IEA Sees Russia Oil Output Nosediving

IEA Sees Russia Oil Output Nosediving
Russia may struggle to find new markets for its oil once a European import ban kicks in.

Russia may struggle to find new markets for its oil once a European import ban kicks in, potentially pushing the nation’s average output below 10 million barrels a day next year, according to the International Energy Agency.

Russia has redirected more than a million barrels a day to India, China and Turkey since many of its traditional customers fell away following the invasion of Ukraine, the agency said Tuesday. Yet flows to those countries have steadied recently, raising speculation they may not be able to ramp up imports further.

Should their purchases remain stable, the rest of the world would need to triple Russian imports to around 3.3 million barrels a day by February, the IEA said in a report. “We do not think this is feasible,” it said, predicting Russia may lose close to 2 million barrels a day of output by the end of March, compared with prewar levels, and pump an average of just 9.6 million barrels a day next year.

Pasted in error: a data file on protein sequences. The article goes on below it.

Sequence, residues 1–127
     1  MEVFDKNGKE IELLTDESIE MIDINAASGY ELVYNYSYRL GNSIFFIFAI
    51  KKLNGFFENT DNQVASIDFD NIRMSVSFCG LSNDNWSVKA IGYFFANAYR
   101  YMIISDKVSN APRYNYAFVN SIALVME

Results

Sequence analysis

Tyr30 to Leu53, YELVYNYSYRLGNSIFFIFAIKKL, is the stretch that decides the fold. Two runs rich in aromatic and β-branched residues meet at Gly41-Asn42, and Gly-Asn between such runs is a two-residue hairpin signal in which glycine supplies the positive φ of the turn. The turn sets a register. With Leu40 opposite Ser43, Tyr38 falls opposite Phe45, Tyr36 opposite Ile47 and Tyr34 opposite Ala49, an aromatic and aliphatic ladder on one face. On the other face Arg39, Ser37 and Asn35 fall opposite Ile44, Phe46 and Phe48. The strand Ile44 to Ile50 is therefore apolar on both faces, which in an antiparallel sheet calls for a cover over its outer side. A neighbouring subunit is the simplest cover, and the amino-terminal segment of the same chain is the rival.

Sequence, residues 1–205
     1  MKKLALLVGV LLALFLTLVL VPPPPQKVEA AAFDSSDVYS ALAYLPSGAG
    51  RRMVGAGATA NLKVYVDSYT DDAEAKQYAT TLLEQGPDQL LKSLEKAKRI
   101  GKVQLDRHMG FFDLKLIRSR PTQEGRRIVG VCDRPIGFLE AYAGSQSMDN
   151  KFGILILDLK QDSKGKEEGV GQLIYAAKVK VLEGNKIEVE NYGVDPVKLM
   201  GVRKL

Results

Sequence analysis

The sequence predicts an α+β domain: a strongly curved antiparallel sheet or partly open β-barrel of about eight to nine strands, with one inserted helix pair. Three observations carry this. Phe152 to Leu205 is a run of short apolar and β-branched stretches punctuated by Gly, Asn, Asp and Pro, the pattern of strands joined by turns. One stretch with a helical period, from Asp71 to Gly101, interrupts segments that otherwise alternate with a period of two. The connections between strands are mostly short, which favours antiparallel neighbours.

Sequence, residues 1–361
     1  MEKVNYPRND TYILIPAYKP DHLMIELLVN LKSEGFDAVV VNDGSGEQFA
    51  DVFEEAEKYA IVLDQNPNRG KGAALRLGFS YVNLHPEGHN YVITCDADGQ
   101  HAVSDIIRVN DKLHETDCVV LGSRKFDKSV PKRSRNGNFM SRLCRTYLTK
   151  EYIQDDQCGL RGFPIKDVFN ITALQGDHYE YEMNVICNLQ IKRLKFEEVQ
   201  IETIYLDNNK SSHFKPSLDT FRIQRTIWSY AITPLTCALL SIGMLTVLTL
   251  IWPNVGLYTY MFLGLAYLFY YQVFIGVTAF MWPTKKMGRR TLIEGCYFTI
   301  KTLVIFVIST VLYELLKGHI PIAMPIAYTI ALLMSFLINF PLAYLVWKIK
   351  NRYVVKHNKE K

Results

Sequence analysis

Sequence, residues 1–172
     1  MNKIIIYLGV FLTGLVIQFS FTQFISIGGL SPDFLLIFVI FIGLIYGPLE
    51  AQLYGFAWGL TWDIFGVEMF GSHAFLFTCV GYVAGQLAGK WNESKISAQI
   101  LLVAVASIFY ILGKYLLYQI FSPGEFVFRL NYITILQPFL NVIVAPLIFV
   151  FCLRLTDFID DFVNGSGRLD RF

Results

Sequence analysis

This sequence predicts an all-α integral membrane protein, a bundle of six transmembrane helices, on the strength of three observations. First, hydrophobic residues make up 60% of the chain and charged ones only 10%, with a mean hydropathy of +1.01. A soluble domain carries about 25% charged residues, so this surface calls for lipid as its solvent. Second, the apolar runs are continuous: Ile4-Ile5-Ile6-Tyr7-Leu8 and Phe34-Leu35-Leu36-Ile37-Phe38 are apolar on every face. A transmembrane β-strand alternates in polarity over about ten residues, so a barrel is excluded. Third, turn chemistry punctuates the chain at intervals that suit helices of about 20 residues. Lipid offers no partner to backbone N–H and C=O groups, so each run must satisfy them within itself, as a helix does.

Russia’s production in January through October averaged about 10.7 million barrels a day, according to Bloomberg calculations based on media reports and data from the Energy Ministry’s CDU-TEK unit.

The European Union is set to ban imports of most Russian crude on Dec. 5 and refined products from Feb. 5. The move will not only create production risks for Russia, but exacerbate a supply headache for the region as alternative fuel sources may not be enough to fill the gap.

The bloc will also prohibit EU-flagged tankers from shipping Russian cargoes and ban the provision of maritime services, including insurance, to third-party vessels involved in the trade. That may further hamper the redirection of Russian crude flows away from Europe. 

Buyers and sellers of the barrels are set to expand their use of “shadow trade, including high-sea transshipments using ‘dark’ tankers,” the IEA said.

Based on October data, the Kremlin will need to find new markets for roughly 1.5 million barrels a day of crude and 1 million barrels of oil products, according to the IEA.



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